Washington Babylon — April 18, 2008, 12:45 pm

Top Democratic Strategist Ensnared in Scandal (Not Really)

I’m just kidding with that headline–if it had been true–if, say, one of Barack Obama’s senior advisors had sought help for a failed brothel owner and convicted felon, you would have heard about it. However–one of Senator John McCain’s top campaign strategists is embroiled in precisely such a situation. Which raises the question: why isn’t it front-page news?

From yesterday’s Huffington Post:

In 2005, Charlie Black, currently a chief strategist to Senator John McCain, wrote a pair of letters to federal officials aggressively defending Wayne Drizin, a convicted felon, disbarred lawyer, and failed brothel owner with substantial business ties to the controversial Iraqi exile Ahmad Chalabi. The letters, obtained by The Huffington Post, were sent to a U.S. district court judge and the U.S. Justice Department’s inspector general’s office. They are scrupulously detailed and, at times, personal notes, praising Drizin and alleging that a conspiracy of zealous federal investigators was to blame for his legal woes. At the time, Black was a consultant for e-Smart Technologies, a biometric security technology company that Drizin helped start. Drizin was mired in legal battles over his past convictions. The Republican insider and lobbying powerhouse went to bat on the founder’s behalf.

(Note that Aram Roston wrote about the Black-Drizin connection in The Man Who Pushed America to War: The Extraordinary Life, Adventures and Obsessions of Ahmad Chalabi.)

For the record, I don’t think the media is in the tank for the GOP, but I do think reporters are generally fond of McCain, and that his ties to lobbyists have thus far received far less attention than they should have. Obama did not get seriously scrutinized until recently, and the scrutiny now taking place is for the most part moronic: Is he a closet radical Black Muslim and America-hater who won’t even wear a flag lapel? And no one likes Hillary Clinton–if Charlie Black were working for her campaign, the major networks would already be working on documentaries about his checkered past. But McCain gets a pass.

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I first heard the name Barack Obama in the spring of 2004, while visiting my mother in Chicago. As we sat around the kitchen table early one spring morning, I noticed a handsome studio portrait among the pictures, lists, cards, and other totems of family life fastened to the refrigerator door. “Who’s the guy with the ears?” I asked, assuming he was some distant relative or family friend I didn’t know or else had forgotten. “Barack Obama,” she answered with a broad smile. “He’s running for Senate, but he’s going to be the first black president.”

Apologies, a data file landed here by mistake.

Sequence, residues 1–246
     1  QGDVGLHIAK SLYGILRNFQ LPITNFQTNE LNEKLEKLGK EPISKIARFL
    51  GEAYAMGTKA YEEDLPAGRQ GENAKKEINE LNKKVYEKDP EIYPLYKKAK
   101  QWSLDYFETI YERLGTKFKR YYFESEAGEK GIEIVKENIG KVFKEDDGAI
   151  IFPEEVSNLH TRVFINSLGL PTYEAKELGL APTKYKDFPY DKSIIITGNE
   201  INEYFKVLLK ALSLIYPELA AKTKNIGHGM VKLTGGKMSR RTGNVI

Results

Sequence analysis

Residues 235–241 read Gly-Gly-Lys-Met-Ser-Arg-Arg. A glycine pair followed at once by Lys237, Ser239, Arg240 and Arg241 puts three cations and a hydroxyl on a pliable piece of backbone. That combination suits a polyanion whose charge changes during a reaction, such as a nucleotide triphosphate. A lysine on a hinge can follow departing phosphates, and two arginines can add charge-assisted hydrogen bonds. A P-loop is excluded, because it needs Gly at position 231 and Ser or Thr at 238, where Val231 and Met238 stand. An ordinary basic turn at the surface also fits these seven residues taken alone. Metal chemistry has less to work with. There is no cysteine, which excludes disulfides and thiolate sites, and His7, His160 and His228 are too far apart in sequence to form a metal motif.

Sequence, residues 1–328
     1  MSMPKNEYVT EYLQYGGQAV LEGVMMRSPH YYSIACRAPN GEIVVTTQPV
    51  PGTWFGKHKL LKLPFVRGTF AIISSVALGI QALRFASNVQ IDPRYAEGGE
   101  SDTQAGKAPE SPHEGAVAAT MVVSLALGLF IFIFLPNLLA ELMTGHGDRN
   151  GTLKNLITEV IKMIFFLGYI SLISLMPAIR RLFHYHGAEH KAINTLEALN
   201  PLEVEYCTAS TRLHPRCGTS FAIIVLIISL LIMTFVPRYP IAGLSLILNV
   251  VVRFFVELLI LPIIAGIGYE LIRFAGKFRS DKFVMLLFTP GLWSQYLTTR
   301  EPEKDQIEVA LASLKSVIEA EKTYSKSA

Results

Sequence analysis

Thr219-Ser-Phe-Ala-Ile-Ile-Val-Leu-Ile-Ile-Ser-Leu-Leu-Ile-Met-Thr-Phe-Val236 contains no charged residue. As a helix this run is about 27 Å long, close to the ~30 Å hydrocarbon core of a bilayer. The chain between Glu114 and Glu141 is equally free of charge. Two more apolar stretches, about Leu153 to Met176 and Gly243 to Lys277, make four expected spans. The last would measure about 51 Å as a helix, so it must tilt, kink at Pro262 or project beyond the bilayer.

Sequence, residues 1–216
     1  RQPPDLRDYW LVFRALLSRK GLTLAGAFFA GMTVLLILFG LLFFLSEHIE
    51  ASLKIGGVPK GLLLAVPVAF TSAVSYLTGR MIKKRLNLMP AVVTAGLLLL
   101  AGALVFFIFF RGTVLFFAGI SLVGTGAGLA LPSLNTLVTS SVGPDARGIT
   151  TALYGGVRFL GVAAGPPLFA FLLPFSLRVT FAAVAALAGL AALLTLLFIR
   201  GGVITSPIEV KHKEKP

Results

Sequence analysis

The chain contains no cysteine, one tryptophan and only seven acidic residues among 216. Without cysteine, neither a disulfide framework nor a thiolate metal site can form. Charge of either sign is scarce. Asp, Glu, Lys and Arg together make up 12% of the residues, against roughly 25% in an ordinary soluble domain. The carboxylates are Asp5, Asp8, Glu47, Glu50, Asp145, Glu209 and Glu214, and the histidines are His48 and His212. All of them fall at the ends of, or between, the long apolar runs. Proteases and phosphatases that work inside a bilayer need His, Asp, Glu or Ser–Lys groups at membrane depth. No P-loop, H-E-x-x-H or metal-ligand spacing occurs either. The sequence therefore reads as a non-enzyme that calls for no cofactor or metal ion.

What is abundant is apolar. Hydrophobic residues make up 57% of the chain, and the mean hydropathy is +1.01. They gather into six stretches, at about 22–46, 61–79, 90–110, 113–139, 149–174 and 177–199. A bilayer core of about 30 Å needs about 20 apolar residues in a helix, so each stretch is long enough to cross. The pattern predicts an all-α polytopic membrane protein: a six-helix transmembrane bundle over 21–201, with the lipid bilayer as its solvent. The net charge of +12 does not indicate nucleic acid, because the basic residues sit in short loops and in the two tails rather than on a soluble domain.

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I first heard the name Barack Obama in the spring of 2004, while visiting my mother in Chicago. As we sat around the kitchen table early one spring morning, I noticed a handsome studio portrait among the pictures, lists, cards, and other totems of family life fastened to the refrigerator door. “Who’s the guy with the ears?” I asked, assuming he was some distant relative or family friend I didn’t know or else had forgotten. “Barack Obama,” she answered with a broad smile. “He’s running for Senate, but he’s going to be the first black president.”

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I first heard the name Barack Obama in the spring of 2004, while visiting my mother in Chicago. As we sat around the kitchen table early one spring morning, I noticed a handsome studio portrait among the pictures, lists, cards, and other totems of family life fastened to the refrigerator door. “Who’s the guy with the ears?” I asked, assuming he was some distant relative or family friend I didn’t know or else had forgotten. “Barack Obama,” she answered with a broad smile. “He’s running for Senate, but he’s going to be the first black president.”

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I first heard the name Barack Obama in the spring of 2004, while visiting my mother in Chicago. As we sat around the kitchen table early one spring morning, I noticed a handsome studio portrait among the pictures, lists, cards, and other totems of family life fastened to the refrigerator door. “Who’s the guy with the ears?” I asked, assuming he was some distant relative or family friend I didn’t know or else had forgotten. “Barack Obama,” she answered with a broad smile. “He’s running for Senate, but he’s going to be the first black president.”

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